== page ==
While it may not have the space-age lumbar support of the Herman Miller, you do get an impressive degree of customisation, a decent multifunctional tilt mechanism, some firm memory foam cushioning, and a decent amount of recline. There are cushions too, one for the lumbar region and another that goes behind your head.
Branding is part of the gaming chair experience, and Secretlab’s looks pretty good on the black version of the Omega – a golden manufacturer logo behind the head and an omega on the back. It’s restrained compared to others, but Secretlab hasn’t held back in the comfort department, making this an excellent choice.
Brazen Phantom Elite Gaming Chair
Another budget model that punches above its weight in terms of comfort, the Phantom Elite is ergonomically designed according to the racing-car-seat template, and covered in the polyurethane leather-like substance that’s very common on seats in this price bracket.
We’re not sure about the bright colours of the branding against the black of the PU finish, but as you’ll have your back to it most of the time, it’s probably an unnecessary worry. They’re certainly bright colours, with the ‘pink’ choice (more like a scarlet red) being the nicest of the bunch, with the yellow-and-white option reminding us most of a racing livery.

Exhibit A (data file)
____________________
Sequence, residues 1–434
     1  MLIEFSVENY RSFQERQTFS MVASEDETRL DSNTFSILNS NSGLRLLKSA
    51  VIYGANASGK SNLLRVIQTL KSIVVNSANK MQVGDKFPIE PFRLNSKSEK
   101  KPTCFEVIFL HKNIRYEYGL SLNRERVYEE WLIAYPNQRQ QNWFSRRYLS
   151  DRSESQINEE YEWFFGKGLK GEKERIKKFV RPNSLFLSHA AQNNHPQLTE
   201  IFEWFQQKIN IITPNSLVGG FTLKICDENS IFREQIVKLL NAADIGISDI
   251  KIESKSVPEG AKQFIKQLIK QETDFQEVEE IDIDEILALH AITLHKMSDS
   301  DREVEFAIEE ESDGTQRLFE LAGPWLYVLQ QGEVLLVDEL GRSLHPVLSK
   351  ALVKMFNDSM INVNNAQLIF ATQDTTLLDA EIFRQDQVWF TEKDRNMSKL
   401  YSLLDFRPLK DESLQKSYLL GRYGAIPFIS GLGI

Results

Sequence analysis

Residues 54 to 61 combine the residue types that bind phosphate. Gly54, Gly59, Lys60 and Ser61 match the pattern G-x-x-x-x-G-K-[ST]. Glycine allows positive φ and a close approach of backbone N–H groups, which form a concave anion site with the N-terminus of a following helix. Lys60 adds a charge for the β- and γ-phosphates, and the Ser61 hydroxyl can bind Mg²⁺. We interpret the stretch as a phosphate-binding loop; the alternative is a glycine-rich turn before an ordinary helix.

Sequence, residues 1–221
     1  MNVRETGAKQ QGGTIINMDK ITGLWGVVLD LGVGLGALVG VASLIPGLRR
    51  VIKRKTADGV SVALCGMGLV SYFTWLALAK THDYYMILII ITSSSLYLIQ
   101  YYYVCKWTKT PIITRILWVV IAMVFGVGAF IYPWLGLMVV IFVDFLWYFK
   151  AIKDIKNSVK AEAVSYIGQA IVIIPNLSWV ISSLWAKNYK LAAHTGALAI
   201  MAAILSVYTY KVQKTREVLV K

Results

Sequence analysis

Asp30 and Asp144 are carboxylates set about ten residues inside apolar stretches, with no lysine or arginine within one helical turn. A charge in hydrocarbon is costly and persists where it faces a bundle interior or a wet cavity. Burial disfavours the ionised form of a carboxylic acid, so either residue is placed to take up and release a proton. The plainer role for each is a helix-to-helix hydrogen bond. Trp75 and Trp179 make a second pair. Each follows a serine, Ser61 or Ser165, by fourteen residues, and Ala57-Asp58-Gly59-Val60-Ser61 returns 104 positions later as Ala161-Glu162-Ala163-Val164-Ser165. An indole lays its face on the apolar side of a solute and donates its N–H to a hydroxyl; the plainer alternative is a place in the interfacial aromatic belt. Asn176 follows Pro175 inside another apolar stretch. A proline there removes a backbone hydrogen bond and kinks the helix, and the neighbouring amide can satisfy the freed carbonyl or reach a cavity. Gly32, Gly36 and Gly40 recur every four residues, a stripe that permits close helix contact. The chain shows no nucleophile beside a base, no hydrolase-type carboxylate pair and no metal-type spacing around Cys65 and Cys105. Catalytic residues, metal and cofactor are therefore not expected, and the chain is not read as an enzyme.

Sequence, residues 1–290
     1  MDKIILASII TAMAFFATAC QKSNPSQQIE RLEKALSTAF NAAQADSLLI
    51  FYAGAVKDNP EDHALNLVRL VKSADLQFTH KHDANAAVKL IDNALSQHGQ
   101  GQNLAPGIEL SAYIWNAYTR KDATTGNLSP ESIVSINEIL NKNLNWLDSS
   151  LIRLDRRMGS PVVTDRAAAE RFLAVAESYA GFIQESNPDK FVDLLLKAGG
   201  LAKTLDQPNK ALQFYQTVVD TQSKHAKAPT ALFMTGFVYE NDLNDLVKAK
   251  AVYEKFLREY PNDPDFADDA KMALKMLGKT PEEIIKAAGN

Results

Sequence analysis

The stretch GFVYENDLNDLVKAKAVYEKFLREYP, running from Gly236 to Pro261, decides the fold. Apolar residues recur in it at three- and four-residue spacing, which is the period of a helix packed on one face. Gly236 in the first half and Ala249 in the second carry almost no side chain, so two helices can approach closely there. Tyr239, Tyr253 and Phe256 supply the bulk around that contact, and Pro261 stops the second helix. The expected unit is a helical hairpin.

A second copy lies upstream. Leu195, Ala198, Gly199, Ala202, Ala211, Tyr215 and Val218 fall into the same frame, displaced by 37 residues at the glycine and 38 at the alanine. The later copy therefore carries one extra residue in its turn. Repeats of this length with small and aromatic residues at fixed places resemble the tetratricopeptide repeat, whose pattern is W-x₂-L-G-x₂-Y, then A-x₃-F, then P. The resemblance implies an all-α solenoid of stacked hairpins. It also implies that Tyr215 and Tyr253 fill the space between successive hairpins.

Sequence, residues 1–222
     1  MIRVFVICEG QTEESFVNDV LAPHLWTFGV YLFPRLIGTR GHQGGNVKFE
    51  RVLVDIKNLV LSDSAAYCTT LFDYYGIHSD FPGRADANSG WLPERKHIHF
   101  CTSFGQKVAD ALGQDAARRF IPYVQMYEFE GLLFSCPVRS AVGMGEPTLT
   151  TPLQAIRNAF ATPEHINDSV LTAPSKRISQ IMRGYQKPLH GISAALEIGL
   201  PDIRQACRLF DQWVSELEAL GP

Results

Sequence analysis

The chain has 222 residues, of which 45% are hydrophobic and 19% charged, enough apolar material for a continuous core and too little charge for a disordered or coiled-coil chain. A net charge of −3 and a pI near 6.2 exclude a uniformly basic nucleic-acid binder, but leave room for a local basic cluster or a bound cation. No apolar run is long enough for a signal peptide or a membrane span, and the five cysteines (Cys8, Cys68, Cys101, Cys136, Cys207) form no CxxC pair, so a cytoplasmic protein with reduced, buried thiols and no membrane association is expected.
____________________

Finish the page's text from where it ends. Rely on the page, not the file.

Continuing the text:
The armrests are a bit rattly, but can be adjusted for height or rotation. The steel frame makes the chair feel well built, and there’s some lovely diamond stitching on the backrest. The combination of foam padding and PU leather keeps you cool, and there are removable cushions for your head and lower back. It’s a good combination at a nice price.
Corsair T3 Rush
Corsair is a brand associated with keyboards that flash bright colours and mysterious things inside fast PCs, so its push into the furniture market shouldn’t come as a surprise.
There is a lot to like about the Rush. It takes a very common gaming chair pattern, the high back with the holes and the cold foam wings to hold you in place, and coats it in a gorgeous piece of grey fabric with black detailing and logos. It’s one of the most restrained and executive gaming chairs, perfect if you’re trying to pass the purchase off as ‘just another office chair’.